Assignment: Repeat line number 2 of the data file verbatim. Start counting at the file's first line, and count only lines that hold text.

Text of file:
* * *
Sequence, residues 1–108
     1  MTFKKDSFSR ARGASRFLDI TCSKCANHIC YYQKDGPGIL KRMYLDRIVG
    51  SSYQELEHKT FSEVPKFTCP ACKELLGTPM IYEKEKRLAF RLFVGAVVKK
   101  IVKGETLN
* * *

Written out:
     1  MTFKKDSFSR ARGASRFLDI TCSKCANHIC YYQKDGPGIL KRMYLDRIVG